Peak oil is not an energy crisis. It is a liquid fuel crisis.
by Starvid on Thu Jul 19th, 2012 at 02:25:56 PM EST
[ Parent ]
When I talk about "skyline", I'm talking about five or ten km away, not the people who live next to the windmills, who are interested parties and must be listened to.

It is rightly acknowledged that people of faith have no monopoly of virtue - Queen Elizabeth II
by eurogreen on Thu Jul 19th, 2012 at 03:39:09 PM EST
[ Parent ]
If the windmill had been invented in India 3000 years ago they night have been studded with multicoloured gods and demons, their basse daily laved with coconut water and festooned in marigolds and tuberose.
Om

"We can all be prosperous but we can't all be rich." Ian Welsh
by melo (melometa4(at)gmail.com) on Thu Jul 19th, 2012 at 01:29:45 PM EST
[ Parent ]
"previously untouched" by industrial installations or industrial agriculture.
by afew (afew(a in a circle)eurotrib_dot_com) on Thu Jul 19th, 2012 at 03:55:59 PM EST
[ Parent ]
and one which is, naturally, not said loudly, is that the strongest opponents are often the owners of the land on which the wind turbines are NOT situated, who are jealous of the income of the guys with the wind tribunes (which amounts to something like 10,000 euros per year per turbine, for a loss of a few square meters of usable land).

Wind power
by Jerome a Paris (etg@eurotrib.com) on Thu Jul 19th, 2012 at 12:34:11 PM EST
[ Parent ]
It's one thing that such cncerns exit, but just how widespread are they in the population really? A problem in Britain has always been that a loud anti-wind minority has been assumed to represent a silent majority. Do you have a French poll on the subject?

*Lunatic*, n.
One whose delusions are out of fashion.
by DoDo on Fri Jul 20th, 2012 at 01:15:09 AM EST
[ Parent ]
For example, a recent poll on "spoiled landscape":

Holiday plans affected by windfarms - Environment - Scotsman.com

A total of 80 per cent of people in the UK - and 83 per cent of Scots surveyed - said the presence of a wind farm would not affect their decision about where to stay when on a holiday or short break in Britain.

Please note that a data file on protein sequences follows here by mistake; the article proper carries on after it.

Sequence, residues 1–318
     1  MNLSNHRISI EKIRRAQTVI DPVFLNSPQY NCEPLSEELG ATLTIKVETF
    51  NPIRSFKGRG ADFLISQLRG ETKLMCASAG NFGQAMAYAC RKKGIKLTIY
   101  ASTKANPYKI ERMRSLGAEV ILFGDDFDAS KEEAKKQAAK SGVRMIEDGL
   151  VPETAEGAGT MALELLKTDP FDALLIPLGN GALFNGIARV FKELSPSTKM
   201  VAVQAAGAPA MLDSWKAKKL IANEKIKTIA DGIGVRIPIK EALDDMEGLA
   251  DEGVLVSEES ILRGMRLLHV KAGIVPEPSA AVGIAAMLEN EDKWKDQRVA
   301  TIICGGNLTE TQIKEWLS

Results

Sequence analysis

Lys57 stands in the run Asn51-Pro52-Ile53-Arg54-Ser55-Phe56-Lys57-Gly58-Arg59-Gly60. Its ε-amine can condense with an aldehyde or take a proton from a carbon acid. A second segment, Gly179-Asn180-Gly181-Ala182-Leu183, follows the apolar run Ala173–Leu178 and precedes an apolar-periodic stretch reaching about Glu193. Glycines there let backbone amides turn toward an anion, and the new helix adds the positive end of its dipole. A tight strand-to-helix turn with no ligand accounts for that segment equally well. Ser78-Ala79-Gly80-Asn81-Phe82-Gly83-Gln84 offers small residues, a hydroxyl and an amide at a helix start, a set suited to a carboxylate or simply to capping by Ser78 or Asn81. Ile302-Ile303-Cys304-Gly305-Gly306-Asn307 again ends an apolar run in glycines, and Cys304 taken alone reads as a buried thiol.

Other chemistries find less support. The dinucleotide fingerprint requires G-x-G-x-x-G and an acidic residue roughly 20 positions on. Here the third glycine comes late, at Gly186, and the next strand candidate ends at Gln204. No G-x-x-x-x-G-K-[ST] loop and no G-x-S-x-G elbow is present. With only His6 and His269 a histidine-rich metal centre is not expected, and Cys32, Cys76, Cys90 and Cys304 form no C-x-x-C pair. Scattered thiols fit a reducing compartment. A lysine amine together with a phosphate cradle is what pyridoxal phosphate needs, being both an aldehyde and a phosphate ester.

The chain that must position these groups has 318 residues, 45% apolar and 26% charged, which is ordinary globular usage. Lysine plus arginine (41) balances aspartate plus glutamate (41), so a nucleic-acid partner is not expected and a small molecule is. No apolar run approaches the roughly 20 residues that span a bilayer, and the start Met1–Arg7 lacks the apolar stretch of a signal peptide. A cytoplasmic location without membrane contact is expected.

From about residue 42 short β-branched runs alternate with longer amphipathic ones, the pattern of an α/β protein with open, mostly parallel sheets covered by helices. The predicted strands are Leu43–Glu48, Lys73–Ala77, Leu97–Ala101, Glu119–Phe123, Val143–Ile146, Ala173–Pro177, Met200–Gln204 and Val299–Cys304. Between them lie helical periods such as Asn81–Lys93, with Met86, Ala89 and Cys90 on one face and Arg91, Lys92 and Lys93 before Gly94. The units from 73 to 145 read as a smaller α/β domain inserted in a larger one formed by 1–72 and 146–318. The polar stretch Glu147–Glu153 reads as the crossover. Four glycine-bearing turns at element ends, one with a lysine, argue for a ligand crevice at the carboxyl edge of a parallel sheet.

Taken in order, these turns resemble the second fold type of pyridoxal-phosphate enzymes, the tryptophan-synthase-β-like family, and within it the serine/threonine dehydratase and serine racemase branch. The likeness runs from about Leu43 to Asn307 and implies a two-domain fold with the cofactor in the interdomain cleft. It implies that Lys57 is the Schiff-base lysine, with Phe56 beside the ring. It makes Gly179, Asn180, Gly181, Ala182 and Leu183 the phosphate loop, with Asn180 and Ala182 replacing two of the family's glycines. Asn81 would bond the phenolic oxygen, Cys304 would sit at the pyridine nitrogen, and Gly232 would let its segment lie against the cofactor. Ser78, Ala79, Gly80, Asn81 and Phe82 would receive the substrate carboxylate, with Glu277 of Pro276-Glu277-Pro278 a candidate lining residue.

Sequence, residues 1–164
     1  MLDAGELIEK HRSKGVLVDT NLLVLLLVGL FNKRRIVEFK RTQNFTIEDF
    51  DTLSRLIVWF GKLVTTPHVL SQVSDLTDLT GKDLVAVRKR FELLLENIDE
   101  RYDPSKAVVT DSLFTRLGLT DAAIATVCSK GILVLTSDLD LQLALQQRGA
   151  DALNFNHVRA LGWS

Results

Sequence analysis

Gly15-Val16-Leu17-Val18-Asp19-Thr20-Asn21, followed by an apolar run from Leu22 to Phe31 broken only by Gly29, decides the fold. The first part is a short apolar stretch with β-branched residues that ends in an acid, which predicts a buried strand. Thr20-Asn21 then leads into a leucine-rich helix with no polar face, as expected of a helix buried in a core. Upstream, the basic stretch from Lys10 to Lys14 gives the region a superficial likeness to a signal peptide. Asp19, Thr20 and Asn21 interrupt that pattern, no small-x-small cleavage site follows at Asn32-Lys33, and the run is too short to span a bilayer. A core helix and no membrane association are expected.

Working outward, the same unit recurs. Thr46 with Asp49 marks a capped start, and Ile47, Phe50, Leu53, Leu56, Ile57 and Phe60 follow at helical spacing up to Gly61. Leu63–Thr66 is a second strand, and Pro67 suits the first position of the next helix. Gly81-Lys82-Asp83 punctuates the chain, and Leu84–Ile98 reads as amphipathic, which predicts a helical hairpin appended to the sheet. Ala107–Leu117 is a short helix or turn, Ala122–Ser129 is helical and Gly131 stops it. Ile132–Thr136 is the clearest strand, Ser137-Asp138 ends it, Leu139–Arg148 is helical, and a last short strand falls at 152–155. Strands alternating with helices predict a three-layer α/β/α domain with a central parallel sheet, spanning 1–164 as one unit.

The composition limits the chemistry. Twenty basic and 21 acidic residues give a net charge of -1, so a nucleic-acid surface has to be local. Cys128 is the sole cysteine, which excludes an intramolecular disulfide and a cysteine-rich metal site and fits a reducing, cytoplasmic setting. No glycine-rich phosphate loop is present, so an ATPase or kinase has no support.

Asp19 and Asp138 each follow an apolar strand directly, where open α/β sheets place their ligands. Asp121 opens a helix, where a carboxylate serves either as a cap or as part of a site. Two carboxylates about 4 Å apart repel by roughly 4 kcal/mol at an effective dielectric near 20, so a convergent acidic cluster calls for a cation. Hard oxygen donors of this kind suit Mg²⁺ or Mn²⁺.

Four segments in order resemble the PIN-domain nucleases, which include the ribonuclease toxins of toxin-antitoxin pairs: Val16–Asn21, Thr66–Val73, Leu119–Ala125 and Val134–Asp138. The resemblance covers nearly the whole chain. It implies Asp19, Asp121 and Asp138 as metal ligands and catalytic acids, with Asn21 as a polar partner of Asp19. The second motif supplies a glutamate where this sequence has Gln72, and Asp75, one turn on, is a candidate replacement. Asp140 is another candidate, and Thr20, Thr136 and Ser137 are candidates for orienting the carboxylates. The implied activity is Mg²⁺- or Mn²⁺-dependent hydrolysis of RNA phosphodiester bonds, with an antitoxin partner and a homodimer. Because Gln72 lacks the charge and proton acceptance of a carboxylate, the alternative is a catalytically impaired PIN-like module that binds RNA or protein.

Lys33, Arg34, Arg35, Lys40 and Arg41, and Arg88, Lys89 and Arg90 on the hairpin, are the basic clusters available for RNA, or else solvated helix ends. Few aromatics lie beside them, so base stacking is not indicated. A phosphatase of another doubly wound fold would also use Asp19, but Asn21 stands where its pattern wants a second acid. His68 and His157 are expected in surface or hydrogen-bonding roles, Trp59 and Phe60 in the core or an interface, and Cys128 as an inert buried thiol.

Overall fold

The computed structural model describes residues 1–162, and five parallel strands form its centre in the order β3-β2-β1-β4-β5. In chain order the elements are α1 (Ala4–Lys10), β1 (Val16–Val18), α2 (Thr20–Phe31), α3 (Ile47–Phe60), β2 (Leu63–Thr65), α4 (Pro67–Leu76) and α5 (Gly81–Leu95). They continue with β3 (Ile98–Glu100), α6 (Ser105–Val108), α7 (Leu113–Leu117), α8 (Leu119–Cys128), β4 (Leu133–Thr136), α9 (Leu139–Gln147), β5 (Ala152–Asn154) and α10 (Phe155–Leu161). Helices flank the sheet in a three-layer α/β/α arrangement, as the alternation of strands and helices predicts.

When asked if wind farms spoiled the look of the countryside, 52.1 per cent of people in both Scotland and across the UK disagreed, with a further 29.3 per cent in the UK and 28.3 per cent of Scots saying they neither agreed nor disagreed.

Only 18.7 per cent in the UK and 19.6 per cent of Scots said wind farms did spoil the look of the countryside.

The most in-depth poll I saw which focused specifically on local opinion, was also from Scotland nine years ago, and found that people closest to the wind farms are the most supportive:

Public Attitudes to Windfarms: A Survey of Local Residents in Scotland

  • People living close to windfarms (within 20 km) like the areas they live in, mentioning the peacefulness (28%), scenery (26%), rural isolation (23%) and friendly people (20%) as particular strengths. When asked to say what the shortcomings are, most commonly mentioned are a lack of amenities (20%), poor public transport (18%), and lack of jobs (8%). Just five people (0.3%) spontaneously mention windfarms as a negative aspect of their area.

  • Three times the number of residents say that their local windfarm has had a broadly positive impact on the area (20%) than say that it has had a negative impact (7%). Most (73%) feel that it has had neither a positive nor negative impact, or expressed no opinion.

  • People who lived in their homes before the site was developed say that, in advance of the windfarm development, they thought that problems might be caused by its impact on the landscape (27%), traffic during construction (19%) and noise during construction (15%). However, only 12% say the landscape has been spoiled, 6% say there were problems with additional traffic, and 4% say there was noise or disturbance from traffic during construction.